Jon Marks, a technical analyst from the United Kingdom, posted an interesting article last week on his blog. In the post,The CMS Word on the Tweet, he discusses the difficulty of finding “his world” on Twitter when seeking conversations centered around content management system. Jon even uses CMSReport.com̵7;sCMS Focusas an example for showing what he observes as a large divide between open source Web content management systems and propriety enterprise software. A divide that many of us may already recognize but haven’t quite put into words like Jon has.
To the Big Wide World (which includes Twitter, and all the sites I’ve mentioned above), CMS means “Free Open Source CMS with Low Cost of Ownership”. The commercial Open Source CMS solutions don’t make the cut either. Four of the five Open Source CMS products reviewed by CMS Watch (Drupal, Joomla!, Plone CMS and TYPO3) live in both worlds. Open CMS doesn’t as my feeling is it is a bit too complex. Alfresco, DotNetNuke and ez Publish made one of the lists above, but don’t really feature in the Tweetosphere.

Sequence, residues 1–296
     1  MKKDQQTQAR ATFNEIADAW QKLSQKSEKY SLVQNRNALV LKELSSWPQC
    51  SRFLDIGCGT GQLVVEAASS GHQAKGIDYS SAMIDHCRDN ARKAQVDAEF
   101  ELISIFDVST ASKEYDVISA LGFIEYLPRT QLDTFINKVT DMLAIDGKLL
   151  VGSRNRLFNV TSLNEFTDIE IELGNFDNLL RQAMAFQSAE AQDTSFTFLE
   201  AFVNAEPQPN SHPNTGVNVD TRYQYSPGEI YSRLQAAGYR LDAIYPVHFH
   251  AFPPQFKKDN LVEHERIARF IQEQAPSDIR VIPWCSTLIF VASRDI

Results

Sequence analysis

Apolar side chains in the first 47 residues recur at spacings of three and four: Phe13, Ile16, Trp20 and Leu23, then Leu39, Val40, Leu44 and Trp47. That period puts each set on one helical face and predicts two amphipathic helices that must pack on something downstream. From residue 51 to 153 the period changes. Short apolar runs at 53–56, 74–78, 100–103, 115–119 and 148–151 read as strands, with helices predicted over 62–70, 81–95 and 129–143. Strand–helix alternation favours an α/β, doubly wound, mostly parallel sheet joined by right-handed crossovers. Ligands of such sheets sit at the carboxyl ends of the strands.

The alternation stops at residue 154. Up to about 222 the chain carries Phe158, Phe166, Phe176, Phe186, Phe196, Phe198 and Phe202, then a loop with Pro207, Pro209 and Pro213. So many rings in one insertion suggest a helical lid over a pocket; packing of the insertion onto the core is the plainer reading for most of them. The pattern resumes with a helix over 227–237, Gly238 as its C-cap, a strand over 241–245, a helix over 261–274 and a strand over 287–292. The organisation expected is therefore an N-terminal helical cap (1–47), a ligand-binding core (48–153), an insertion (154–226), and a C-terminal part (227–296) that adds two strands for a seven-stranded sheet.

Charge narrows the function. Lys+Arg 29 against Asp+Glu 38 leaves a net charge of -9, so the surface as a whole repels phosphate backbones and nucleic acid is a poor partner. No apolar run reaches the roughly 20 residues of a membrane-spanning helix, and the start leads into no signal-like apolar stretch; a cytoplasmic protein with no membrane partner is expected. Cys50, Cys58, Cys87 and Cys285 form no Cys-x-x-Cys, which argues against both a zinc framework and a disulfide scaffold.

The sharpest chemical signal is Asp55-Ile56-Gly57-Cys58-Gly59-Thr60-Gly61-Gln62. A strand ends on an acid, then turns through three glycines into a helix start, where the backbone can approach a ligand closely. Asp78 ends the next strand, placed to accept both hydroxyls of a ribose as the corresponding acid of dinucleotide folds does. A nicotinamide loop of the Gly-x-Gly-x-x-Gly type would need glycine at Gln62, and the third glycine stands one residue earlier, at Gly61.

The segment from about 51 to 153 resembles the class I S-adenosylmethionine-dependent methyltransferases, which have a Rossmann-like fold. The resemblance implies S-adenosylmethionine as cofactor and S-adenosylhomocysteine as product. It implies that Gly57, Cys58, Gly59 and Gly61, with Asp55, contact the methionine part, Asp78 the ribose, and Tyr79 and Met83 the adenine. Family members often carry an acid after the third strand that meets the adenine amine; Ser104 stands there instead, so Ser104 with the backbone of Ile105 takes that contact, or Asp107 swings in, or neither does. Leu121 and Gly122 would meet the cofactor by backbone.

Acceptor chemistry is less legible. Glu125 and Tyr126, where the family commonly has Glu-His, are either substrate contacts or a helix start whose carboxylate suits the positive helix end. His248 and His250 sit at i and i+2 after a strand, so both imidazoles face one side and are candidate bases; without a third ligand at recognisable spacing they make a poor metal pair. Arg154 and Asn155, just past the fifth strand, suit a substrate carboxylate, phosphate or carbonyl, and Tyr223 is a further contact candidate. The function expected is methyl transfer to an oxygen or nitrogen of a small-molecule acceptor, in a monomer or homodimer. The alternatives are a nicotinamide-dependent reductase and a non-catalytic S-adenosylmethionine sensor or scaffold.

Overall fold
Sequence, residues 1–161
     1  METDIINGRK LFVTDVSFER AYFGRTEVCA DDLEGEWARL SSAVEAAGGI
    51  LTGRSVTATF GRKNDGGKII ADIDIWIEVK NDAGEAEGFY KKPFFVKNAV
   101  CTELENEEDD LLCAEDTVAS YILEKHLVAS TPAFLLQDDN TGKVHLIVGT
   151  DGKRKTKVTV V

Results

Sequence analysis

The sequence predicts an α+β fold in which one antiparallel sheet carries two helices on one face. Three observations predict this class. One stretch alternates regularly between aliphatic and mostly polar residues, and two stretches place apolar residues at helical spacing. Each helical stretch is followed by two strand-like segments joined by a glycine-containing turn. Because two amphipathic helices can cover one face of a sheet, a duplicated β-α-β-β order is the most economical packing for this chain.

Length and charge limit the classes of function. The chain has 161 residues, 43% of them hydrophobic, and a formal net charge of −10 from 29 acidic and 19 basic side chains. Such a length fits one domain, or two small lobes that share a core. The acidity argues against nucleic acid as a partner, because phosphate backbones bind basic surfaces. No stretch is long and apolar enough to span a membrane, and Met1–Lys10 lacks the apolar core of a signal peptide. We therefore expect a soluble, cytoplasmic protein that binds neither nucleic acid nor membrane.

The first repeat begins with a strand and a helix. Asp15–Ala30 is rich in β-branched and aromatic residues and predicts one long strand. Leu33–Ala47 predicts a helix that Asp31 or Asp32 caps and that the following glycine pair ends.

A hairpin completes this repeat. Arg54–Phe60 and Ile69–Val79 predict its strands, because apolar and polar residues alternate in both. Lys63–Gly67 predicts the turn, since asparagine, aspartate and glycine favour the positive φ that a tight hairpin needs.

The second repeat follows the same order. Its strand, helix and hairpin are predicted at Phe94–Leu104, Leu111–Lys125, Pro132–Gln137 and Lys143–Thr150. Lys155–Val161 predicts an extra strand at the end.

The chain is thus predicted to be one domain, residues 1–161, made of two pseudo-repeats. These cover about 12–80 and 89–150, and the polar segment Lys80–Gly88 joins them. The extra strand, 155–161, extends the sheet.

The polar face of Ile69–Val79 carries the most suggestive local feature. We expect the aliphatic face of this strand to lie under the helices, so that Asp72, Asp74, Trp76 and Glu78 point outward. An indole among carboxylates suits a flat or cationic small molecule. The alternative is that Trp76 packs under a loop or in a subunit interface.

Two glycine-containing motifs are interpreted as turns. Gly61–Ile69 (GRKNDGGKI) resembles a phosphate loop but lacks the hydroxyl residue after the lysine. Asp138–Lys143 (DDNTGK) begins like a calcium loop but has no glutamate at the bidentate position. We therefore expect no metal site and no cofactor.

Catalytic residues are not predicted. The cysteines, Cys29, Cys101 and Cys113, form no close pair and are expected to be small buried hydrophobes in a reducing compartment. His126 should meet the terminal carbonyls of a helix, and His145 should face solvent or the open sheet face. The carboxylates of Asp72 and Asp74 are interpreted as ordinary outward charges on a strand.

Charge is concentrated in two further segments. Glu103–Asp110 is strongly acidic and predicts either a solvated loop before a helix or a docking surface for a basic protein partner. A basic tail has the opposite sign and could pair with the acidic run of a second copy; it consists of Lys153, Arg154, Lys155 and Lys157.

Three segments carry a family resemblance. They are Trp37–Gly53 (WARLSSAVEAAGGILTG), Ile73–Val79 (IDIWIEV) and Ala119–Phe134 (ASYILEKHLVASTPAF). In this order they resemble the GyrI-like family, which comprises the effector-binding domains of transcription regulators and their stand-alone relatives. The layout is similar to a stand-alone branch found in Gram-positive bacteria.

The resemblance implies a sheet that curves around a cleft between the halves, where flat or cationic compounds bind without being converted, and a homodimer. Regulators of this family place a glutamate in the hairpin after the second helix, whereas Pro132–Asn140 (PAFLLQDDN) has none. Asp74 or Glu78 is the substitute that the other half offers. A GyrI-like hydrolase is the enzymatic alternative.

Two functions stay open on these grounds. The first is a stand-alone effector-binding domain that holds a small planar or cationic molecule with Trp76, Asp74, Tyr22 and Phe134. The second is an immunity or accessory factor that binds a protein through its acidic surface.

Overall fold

I inhabit a world populated by analysts, commercial vendors, systems integrators, large agencies and other such creatures. I don’t believe we pay much attention to the other world until a product jumps the gap. And it seems difficult for a product that isn’t Java or Microsoft based to make it in to My World.
Jon asked me viaTwitterto let him know what I thought of his article. I think Jon has done an excellent job of identifying the dichotomy found within CMS. It does seem that the enterprise often takes an approach to content management that differs greatly from open source projects. The approaches differ so much that the parties involved often end up defining what is a CMS in two different ways. The only thing I would like to comment on is that I unfortunately live on a third, yet unidentified, world that the other two worlds don’t fully understand.